$ brew -v in your terminal should output the current Homebrew version info; if so, Homebrew (Brew) is working! Yay! 🎉
Another great little command worth running is
$ brew doctor; this will perform a bunch of tests and then let you know if your computer has any issues with Brew at the current moment.
Getting PHP installed
Now that Brew is installed, we’re going to go ahead and install PHP. Now MacOS comes with its own version of PHP but often times it is quite out of date so we’re going to install the latest and greatest with Brew.
Craft CMS 3 will run on PHP 7.0+. I’d recommend installing PHP 7.1 unless you’re working on an older Craft site that might not support PHP 7 yet.
🔥 Tip: You can install multiple versions of PHP and switch between them as I described in-depth in another article. For the sake of this article, we’re going to install PHP 7.1, but the installation steps for each version follows the same basic pattern as below.
To install PHP 7.1, we need to run the following:
$ brew install firstname.lastname@example.org
$ brew services start email@example.com
It’s worth noting that the PHP formula recently underwent a name change, so even though most other articles on this subject still use the old formula names, the above lines of code are now the correct way to install PHP via Brew. Also, in the midst of the formula name changes, the greater majority of the PHP extensions got packaged up as part of the main formula, so you no longer have to install all the various extensions needed to make Craft work. There is one exception I found; that being the installation of the Imagemagick extension. Seems the correct way to install this now is something along the lines of this: (I haven’t been able to get it to work 100% perfectly yet but when I find a solution I’ll update this article)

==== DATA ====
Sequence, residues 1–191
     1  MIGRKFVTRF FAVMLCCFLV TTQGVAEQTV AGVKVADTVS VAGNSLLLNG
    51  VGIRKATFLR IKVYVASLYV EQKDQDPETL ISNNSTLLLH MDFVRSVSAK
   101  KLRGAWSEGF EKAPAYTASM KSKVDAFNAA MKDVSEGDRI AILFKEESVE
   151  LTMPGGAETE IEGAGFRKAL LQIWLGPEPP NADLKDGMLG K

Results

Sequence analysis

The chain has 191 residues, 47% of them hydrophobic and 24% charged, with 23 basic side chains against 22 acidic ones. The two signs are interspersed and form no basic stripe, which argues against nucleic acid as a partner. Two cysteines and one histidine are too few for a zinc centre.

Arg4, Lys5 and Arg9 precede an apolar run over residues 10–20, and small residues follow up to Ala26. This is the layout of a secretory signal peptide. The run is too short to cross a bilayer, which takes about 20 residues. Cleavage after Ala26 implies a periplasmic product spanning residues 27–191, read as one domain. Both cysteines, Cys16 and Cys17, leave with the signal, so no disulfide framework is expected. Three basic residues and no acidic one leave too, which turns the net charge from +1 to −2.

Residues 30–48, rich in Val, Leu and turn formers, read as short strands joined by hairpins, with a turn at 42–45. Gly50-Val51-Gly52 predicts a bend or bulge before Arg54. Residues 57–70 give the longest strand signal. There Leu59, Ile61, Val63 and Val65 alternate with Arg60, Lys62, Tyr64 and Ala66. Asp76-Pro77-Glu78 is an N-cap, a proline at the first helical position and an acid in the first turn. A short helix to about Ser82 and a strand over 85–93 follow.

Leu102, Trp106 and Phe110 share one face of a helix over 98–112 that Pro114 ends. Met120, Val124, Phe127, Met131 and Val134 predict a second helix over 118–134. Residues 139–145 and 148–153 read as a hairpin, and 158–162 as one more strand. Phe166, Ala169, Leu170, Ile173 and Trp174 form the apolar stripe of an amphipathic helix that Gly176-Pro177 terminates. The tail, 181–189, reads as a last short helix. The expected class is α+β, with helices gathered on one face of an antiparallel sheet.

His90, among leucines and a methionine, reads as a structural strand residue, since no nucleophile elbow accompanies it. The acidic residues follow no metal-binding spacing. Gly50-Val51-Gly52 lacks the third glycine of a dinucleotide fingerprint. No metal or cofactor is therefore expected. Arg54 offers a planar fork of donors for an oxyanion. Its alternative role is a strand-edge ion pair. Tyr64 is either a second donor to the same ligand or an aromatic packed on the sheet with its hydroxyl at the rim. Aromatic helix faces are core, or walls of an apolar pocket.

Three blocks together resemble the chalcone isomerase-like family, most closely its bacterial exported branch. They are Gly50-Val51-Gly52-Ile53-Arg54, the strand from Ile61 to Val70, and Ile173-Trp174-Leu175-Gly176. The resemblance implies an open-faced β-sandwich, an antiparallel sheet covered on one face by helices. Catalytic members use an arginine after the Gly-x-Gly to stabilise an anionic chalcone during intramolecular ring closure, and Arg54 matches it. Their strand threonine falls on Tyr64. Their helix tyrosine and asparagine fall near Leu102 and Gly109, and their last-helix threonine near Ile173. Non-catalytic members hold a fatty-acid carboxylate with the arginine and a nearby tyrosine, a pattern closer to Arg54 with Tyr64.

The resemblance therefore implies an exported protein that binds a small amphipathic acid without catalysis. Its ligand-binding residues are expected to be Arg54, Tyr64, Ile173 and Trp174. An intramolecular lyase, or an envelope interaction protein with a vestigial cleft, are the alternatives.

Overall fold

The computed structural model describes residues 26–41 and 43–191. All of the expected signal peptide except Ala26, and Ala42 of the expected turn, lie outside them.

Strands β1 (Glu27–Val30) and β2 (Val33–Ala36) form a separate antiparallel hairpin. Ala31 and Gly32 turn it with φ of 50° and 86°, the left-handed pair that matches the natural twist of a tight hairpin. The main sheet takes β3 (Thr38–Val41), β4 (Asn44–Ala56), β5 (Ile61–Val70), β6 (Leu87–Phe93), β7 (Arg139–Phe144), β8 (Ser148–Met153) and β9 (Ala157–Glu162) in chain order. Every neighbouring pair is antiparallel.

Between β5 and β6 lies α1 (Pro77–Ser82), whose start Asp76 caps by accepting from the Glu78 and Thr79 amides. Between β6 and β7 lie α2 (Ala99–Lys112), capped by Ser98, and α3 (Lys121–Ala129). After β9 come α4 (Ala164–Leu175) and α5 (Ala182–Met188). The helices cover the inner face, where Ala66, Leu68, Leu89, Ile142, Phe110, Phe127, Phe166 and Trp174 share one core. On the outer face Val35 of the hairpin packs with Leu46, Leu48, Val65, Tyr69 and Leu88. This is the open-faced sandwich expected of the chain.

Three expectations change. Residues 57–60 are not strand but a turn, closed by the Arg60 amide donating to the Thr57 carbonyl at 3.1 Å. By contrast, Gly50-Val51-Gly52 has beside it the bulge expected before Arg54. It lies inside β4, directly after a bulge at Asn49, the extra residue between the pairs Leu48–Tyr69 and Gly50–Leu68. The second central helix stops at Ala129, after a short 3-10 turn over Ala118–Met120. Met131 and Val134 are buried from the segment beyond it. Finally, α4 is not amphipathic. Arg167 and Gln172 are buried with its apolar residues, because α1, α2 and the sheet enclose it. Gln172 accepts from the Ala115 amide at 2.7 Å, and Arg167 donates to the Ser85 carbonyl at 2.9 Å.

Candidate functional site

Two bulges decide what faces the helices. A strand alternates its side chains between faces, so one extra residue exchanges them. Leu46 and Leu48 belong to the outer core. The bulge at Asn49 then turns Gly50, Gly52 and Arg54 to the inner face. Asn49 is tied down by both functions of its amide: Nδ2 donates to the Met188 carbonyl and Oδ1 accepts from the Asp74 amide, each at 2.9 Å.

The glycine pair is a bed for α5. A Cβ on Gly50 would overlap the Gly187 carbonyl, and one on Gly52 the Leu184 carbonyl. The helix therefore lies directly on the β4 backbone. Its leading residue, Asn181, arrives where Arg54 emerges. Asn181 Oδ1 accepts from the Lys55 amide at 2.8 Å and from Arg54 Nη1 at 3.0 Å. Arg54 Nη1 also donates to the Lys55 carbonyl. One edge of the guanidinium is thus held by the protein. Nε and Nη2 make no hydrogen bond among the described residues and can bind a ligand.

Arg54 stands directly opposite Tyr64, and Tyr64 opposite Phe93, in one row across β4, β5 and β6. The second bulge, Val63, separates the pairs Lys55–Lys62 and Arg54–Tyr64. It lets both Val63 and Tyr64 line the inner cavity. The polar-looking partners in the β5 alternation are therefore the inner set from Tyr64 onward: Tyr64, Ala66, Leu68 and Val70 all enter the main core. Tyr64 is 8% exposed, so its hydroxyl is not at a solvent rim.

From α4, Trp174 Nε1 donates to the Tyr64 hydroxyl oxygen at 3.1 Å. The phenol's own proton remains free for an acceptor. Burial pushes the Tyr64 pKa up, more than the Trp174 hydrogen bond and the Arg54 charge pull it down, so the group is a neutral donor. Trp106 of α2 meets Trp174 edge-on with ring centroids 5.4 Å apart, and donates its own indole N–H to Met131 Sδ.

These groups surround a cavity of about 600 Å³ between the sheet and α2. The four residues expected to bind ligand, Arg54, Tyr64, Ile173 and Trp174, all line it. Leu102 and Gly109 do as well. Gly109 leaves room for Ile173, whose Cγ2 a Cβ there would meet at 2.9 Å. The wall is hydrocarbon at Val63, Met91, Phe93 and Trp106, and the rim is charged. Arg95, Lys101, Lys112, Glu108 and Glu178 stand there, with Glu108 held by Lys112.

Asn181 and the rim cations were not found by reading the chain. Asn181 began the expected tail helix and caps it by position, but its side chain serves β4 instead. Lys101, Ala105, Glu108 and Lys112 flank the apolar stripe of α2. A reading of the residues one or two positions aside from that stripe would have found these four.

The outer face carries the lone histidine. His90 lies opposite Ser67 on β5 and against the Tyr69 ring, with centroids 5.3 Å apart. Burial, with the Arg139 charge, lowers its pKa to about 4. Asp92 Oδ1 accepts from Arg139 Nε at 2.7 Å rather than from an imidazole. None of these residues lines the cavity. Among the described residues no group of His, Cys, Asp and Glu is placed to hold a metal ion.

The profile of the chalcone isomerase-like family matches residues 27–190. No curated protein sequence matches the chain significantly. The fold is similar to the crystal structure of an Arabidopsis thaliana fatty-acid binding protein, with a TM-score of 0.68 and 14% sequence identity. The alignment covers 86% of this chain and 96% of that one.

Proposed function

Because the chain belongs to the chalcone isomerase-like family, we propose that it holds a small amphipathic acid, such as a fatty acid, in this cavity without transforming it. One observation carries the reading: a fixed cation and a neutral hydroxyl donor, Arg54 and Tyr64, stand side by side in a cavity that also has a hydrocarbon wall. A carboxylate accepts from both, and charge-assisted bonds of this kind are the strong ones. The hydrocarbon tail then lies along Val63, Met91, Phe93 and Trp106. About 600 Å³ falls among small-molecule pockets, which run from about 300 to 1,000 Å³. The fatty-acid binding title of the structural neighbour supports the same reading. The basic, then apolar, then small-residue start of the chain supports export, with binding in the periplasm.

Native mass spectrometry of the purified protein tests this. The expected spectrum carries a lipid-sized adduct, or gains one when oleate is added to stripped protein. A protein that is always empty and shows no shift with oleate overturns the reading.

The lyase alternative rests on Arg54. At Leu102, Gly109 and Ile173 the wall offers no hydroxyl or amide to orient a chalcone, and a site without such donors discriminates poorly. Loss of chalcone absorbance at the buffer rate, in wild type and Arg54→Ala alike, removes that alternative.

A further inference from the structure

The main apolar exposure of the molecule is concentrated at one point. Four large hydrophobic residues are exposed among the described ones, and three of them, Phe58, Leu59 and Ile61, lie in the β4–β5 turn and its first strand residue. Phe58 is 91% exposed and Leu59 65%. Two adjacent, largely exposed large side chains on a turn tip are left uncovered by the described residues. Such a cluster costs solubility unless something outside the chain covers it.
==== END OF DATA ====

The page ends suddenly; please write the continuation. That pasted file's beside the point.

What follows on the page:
$ brew install autoconf pkg-config imagemagick
$ export PHP_AUTOCONF=/usr/local/bin/autoconf
$ pecl install imagick
$ brew services restart firstname.lastname@example.org
Anyways, you should now have PHP 7.1 installed and setup to automatically start on login (which means you should never have to manually start or stop PHP yourself). You can check your current PHP version by running
$ php -v. Another helpful thing to verify is where your computer is getting PHP with
$ which php— it should output
🔥 Tip: A little more info on
brew services— this is basically a handy little Brew command that interacts with the
launchctlmanager so you can setup certain “services” to automatically start when you login. To view a list of all the services you currently have setup, run